UserCrowd cashout

 

 

It obviously helps if you’re in front of your computer screen (as I am) for at least eight hours a day! Otherwise you probably won’t be around to grab enough tests to see the money pile up very fast.

Still, based on my results – and on the current amount of work coming though – it seems feasible that someone who’s already on a computer regularly could add to their income to the tune of $100-120 each year. There’s no guarantees, and it’s not loads, but it’s the kind of amount it’s always nice to cash in for gifts at Christmas time. (Have a look at this income report to see how quickly these amounts add up when you have multiple side gigs on the go).

One small downside at the time of writing is that payouts are rather slow, taking around 30 days from when you request them.

Is UserCrowd Worth It?

As I finished working on my UserCrowd review, I asked myself whether I’d continue using it afterwards. That’s a pretty good acid test of any survey site or side gig.

The answer was a resounding “yes.”

Because I’m at my laptop all day (and I’m my own boss), I can always take the time out to answer a quick question. The tests on UserCrowd don’t take long enough to knock me off the stride of what I’m already doing, so the effort involved feels non-existent, and I get 10-50 cents each time.

Why wouldn’t build up $100-120 extra each year for several extra Christmas presents?

UserCrowd Test

So, when I see the message above on my screen, I’m going to continue clicking “Start!”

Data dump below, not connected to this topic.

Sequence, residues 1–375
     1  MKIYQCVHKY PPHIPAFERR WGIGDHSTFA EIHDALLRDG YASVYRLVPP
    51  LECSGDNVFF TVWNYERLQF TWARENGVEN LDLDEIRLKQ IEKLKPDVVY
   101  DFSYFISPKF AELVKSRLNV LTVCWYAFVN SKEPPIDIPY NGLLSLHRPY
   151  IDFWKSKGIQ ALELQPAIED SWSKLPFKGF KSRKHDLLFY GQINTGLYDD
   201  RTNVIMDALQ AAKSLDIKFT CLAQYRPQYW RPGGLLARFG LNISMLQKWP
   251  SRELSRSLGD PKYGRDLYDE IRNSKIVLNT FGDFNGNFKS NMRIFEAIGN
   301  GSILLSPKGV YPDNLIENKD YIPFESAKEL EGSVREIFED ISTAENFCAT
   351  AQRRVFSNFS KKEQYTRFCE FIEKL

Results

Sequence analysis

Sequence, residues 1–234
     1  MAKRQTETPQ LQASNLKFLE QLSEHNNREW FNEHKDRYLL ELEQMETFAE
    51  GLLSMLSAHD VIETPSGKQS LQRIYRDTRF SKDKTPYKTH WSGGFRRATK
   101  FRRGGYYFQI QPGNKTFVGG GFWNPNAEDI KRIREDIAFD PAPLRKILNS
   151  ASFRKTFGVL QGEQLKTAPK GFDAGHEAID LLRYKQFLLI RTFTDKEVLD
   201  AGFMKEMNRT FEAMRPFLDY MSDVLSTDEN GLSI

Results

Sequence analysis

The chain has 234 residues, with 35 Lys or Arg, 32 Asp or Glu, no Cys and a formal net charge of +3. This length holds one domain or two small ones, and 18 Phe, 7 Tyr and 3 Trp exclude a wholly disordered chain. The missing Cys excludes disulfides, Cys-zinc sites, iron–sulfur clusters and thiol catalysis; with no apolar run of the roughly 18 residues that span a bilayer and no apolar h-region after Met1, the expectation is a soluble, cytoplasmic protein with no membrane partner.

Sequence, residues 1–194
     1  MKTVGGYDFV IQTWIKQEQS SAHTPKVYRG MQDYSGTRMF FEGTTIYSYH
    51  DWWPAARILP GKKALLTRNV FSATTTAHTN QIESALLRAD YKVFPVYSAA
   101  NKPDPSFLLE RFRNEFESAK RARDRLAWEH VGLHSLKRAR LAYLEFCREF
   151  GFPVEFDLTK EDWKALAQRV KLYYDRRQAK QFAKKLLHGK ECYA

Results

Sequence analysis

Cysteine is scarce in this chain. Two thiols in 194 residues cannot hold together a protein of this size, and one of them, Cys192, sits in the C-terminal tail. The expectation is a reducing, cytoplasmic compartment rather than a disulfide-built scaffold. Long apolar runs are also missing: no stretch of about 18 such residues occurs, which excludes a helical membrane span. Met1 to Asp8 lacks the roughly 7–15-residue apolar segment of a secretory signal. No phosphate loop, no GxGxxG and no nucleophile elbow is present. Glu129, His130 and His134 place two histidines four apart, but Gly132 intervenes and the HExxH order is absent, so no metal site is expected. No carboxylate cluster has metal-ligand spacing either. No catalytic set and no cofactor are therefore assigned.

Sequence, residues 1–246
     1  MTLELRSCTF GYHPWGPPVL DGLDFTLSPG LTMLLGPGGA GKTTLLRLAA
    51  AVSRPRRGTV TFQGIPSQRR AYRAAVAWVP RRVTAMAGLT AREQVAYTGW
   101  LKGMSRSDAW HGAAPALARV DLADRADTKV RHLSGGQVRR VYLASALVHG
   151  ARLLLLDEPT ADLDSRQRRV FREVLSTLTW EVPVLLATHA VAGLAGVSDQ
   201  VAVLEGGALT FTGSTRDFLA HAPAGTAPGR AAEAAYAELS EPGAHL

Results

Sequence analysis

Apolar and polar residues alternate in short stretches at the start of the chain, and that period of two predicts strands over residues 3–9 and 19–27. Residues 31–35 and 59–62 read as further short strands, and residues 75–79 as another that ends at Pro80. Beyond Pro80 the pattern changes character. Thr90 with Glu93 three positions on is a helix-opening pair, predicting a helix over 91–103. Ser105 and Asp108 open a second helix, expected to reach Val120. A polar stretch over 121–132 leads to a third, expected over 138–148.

Whether or not UserCrowd is worthwhile for you will depend a lot on your situation.

If, like me, you’re almost permanently looking at your laptop screen, and don’t have a boss or client who’s going to object to you flicking onto something different for a minute of two here or there, I think UserCrowd is well worth signing up to. It’s basically easy money just for giving your opinion.

However, if you have a different work setup where someone keeps an eye on what you do on your computer, or have limited hours in front of a screen, the rewards are perhaps too small to make it worthwhile.

UserCrowd: The Good Bits

  • Easy to sign up and get started.
  • “Work” that anyone can do.
  • A reliable platform.
  • Sometimes quite interesting from a design/user experience perspective.
  • Low payout threshold.

UserCrowd: The Bad Bits

  • Earning potential is limited if you’re not regularly at your computer.
  • Payouts are reliable but slow.

UserCrowd Conclusion

If you’re only interested in big earning opportunities, UsabilityCrowd won’t be for you. But as a component of a money-making “toolbox,” or as part of a plan to save for a special occasion, it’s well worthwhile.

If you fancy giving it a try, you can sign up here. 

We have lots of other side gigs on the site – click here to see them. 

87% Worthwhile

UsabilityHub is NOT going to make you rich, but it's hardly going to take up any time either. Well worth a look if you're prepared to play the "long game."

  • Ease of Use 100 %
  • Accessibility 100 %
  • Earning Potential 60 %
  • User Ratings (11 Votes) 24 %

About Author

Founder of HomeWorkingClub.com - Ben is a long-established freelancer with a passion for helping other people take control of their destiny and break away from "working for the man." Prone to outbursts of bluntness and realism.

5 Comments

  1. Pingback: Side Work - An Earnings Report to Inspire You! - HomeWorkingClub.com

  2. Nice review, I’m always interested in seeing if I can make a bit of extra money since I’m online a lot so will definitely give them a try and see how I get on.

  3. Interesting, I just signed up to check it out for the heck of it, and I had three tests that I just completed in a heartbeat. I agree, why not pick up some extra cash, it will be like dropping coins in a jar and seeing what you have accumulated at the end of the year.